One of the surf capitals of the region and the country, Huntington Beach boasts some of Southern California's best waves and most beautiful beaches. The beach is wide and flat and goes on for almost 10 uninterrupted miles on either side of the city's large pier. After enjoying the beach, there's a vibrant downtown district, and the International Surfing Museum is worth a visit. The city and its beaches get very crowded on holiday weekends and during the annual professional surfing tournament held each summer. The Kimpton Shorebreak Hotel is a stylish, surf-themed hotel across the street from the beach and a short stroll from the pier.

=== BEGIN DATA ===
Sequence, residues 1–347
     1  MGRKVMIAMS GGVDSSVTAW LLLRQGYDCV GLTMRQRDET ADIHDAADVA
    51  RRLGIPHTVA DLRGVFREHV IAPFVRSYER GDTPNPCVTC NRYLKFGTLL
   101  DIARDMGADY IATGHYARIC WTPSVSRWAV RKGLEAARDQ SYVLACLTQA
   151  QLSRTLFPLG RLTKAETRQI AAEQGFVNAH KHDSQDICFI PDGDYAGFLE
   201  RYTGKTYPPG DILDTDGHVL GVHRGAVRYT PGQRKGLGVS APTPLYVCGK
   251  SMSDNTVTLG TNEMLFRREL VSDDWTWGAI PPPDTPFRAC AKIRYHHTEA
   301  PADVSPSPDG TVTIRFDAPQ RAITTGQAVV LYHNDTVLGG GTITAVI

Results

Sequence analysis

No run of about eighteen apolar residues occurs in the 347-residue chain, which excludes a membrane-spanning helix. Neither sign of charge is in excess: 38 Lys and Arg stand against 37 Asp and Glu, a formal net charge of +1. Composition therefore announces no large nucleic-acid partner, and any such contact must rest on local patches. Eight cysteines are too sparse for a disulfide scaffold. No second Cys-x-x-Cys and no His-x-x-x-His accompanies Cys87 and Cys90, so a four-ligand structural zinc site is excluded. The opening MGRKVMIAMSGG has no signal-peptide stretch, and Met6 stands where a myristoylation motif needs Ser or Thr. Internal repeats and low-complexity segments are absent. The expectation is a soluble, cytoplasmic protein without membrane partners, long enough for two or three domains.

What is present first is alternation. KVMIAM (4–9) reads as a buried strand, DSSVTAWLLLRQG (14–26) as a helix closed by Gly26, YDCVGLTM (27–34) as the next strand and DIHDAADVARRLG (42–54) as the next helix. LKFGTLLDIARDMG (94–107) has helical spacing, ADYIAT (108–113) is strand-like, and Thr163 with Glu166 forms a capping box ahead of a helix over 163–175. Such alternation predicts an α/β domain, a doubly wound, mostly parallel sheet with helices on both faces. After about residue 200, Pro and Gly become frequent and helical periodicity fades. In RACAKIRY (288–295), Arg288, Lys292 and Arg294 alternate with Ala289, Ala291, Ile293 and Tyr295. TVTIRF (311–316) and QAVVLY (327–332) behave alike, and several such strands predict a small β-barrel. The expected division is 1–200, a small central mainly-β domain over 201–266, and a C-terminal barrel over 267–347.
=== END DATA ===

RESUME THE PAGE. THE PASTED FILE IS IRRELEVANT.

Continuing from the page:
4 Redondo Beach

Redondo Beach
Redondo Beach
Share:

With a touristy, yet cool little fisherman's village and marina called King Harbor and a big, newly-built municipal pier, Redondo Beach is a great family beach destination. Surfing is big here, as is beach volleyball. South Redondo Beach is the area with wide, clean beaches, extending out from the pier. The Strand bike path continues along the edge of the beach. This beach is also easily reachable via public transportation, Redondo Beach is at the end of the MTA's Green Line train system. The Crowne Plaza Redondo Beach & Marina is right on the marina with beautiful water views.

5 Playa del Rey

Playa del Rey
Playa del Rey
Share: